Alcohol Or Caffeine: Which Impacts Fertility More?

Fertility is the human miracle of life. It's the natural ability to conceive a child (via American Pregnancy Association). However, many factors can affect the process of conception and pregnancy. For one, healthy eggs and sperm are needed. When the pair comes together, fertilization of the egg by the sperm is critical. During pregnancy, overall health and the hormonal environment of the mother play a determining course for the embryo. Other lifestyle factors may affect the process too. Nevertheless, women can promote fertility by avoiding any sexually transmitted infections and not exposing themselves to anything toxic in the environment, like lead (per Mayo Clinic). A 2018 study published in the Arab Journal of Urology found that things like smoking, psychological stress, drug and alcohol use, and caffeine intake can impact a man's sperm quality.

On the other side of the coin sits infertility. Infertility, or the inability to conceive a child after a year or more of unprotected sex, affects nearly one in five heterosexual women ages 15 to 49 without any prior births, as per the Centers for Disease Control and Prevention (CDC). But nearly one in three infertile couples have issues because of the man (per the National Institute of Health). For men and women, the consumption of certain things, like alcohol and caffeine are often implicated in the success or failure of conception (via Mayo Clinic). Here's everything you need to know about which one impacts fertility more: alcohol or caffeine.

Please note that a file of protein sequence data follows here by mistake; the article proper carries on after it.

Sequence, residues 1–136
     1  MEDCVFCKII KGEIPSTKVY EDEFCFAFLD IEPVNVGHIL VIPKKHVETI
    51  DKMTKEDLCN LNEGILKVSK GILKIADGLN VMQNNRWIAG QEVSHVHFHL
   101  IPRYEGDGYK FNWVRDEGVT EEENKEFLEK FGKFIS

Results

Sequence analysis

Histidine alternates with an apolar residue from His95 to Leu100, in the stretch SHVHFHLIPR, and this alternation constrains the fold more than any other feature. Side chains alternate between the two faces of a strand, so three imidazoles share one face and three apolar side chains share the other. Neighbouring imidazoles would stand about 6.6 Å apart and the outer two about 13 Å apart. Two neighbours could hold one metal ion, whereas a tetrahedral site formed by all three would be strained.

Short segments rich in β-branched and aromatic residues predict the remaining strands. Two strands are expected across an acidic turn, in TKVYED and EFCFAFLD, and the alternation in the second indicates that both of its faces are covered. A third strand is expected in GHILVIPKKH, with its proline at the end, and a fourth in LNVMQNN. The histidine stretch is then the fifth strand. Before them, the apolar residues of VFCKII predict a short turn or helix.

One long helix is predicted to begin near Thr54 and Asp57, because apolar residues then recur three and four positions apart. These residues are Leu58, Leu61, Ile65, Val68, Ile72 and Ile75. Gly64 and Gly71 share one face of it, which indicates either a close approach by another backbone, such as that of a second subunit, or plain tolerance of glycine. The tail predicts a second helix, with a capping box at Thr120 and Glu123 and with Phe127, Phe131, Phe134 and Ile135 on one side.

Are six drinks a week enough to negatively impact your fertility?

When faced with infertility, some people turn to fertility treatments for help, says Medical News Today. According to new research, it turns out that the success of fertility treatments may be more greatly impacted by alcohol consumption than caffeine. A 2022 study published in the journal Acta Obstetricia et Gynecologica Scandinavica reviewed the associations between the consumption of alcohol or caffeine and the outcomes of common fertility treatments. They did not find a meaningful connection between caffeine consumption and the success of fertility treatments. 

Though not a causal relationship, the researchers in the study did find that consuming as little as 84 grams of alcohol per week was associated with a decrease in female fertility by 7%. In men, consumption of 84 grams of alcohol or more per week was associated with a 9% decrease in the live birth rate. Notably, 84 grams of alcohol is about the same thing as having one standard drink six nights a week (via National Institute on Alcohol Abuse and Alcoholism). You might wonder, how can six drinks a week for men and women potentially affect pregnancy and a successful birth? It seems that consistent use may negatively affect pregnancy because alcohol can indirectly promote oxidative stress (per Medical News Today).